Wednesday, May 19, 2010

Love Me Tender

It was a hot August evening on Long Island; the big green convertible was speeding
along; powerfully propelled by its new 303 cubic inch V8 engine.

Slumped drunkenly in the back, Edith was drinking in the night air trying to sober up a little; that damn rummy, who was driving the Rocket 88, had been buying drinks at ol’Moe’s all night for Edith and her best friend Ruth, who had been having a very public affair with the rummy artist for the past six months or so.

Ruth was up front with one hand on the windscreen and the other inside Jackson’s pants and a whisper in his ear. “ do you love me Jackson?” The ‘Old’s engine lost a few hundred revs as the artist, surprised by the question and not a little drunk eased off the throttle. He seemed to consider the question and weigh up the possible consequences of his answer; why lie? “ah guess not” he confessed, he did not love his wife, his drinking buddies, his patrons he especially did not love his critics and regarded his audience with contempt, he realised that he probably no longer loved to paint.

Ruth took her hand out of Jackson’s flies and slapped the radio on, Elvis crooned out.
“Fuck you Jackson” she slurred. He didn’t care about Ruth but the realisation that his love affair with paint was over filled him with a deep sadness and with that realisation he did not notice their speed increasing or the bend at the end of the straight, or, until it was just too late the tree that would stop them dead.

Margaret shaved off a thick piece of yellow cheese and laid it on the slice of coarse bread cut from the loaf that her sister had baked the previous afternoon. She carefully wrapped the sandwich in some brown paper from the kitchen drawer and she put this with an apple and a bottle of water and her paint brushes and paper into the grey canvass pack and left the crib.

She climbed steadily for an hour through the wakening bush the air still cool in front of the heat of the day. She came to the side track and pressed on into an unknown part of the range. She was hot now and took off her coarse woollen jumper and tied it around her waist. The bush was now fully formed in sunlight and alive with the sound of cicadas.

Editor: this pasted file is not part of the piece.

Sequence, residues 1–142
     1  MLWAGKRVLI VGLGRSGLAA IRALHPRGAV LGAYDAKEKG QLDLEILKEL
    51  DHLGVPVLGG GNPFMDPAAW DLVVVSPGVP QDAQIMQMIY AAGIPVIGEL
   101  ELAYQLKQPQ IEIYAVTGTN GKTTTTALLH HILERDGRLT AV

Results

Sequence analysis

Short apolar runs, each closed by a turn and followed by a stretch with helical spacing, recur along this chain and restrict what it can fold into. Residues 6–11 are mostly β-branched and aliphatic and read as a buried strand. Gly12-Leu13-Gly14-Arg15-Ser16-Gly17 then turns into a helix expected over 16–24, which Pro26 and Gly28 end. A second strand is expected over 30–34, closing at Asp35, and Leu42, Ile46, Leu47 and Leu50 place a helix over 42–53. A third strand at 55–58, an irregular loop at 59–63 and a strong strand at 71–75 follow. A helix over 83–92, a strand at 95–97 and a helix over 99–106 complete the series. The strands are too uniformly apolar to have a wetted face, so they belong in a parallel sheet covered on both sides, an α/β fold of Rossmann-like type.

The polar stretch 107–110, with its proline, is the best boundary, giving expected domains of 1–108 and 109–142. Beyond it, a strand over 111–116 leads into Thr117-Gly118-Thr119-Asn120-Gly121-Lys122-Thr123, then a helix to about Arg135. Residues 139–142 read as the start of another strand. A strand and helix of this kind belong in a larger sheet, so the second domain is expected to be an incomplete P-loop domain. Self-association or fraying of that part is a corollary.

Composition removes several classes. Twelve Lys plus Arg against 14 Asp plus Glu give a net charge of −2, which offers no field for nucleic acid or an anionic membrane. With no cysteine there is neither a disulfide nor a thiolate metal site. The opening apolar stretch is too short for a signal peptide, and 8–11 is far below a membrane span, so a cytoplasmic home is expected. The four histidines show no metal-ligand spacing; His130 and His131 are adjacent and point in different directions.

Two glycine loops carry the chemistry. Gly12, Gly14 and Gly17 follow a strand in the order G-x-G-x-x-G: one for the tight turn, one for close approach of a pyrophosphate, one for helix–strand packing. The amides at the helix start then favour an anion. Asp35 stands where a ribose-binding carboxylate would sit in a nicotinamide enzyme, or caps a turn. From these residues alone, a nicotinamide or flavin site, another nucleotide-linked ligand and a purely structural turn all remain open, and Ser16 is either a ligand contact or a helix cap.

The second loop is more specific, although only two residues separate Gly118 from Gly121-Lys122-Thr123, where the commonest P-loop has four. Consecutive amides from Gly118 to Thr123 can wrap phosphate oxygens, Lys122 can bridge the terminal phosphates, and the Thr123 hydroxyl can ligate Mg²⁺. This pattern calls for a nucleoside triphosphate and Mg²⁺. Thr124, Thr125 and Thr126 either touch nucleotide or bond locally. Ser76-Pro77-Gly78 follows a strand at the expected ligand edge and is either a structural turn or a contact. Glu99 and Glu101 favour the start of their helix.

The track was seldom walked and overgrown, it was steep and slow going. Margaret noticed that her socks were coated in long fine hooked seeds, sweat stung her eyes and she was panting like an old dog. At the top of the steep section of track she was brought to a halt by a vertical basalt outcrop. She could see the nature of the stone allowed for an easy ascent, almost a ladder, so she decided to go on.

Margaret reached the top in a few minutes but an overhang made the summit difficult. She reached up and blindly searched for a handhold, a jolt of panic ran through her body as she started to fall backwards. She was hanging; her hand had found a thick tree root that she gripped fiercely and with considerable effort she dragged herself up and lay face down for a time. She considered her stupidity and her mortality and, with a laugh, her achievement at getting there.
The root that had saved her belonged to and old Rata tree an ancient, tortured and stunted specimen but in full scarlet bloom and the view out from under the cool shade of the tree was far and eased to shades of violet. She saw a razor back ridge curving down to the cove where the crib hid, allowing an easy and obvious way home.

Margaret took out her paper and started to carefully sketch the scene and she decided to eat her sandwich after she had laid down her first wash of paint.

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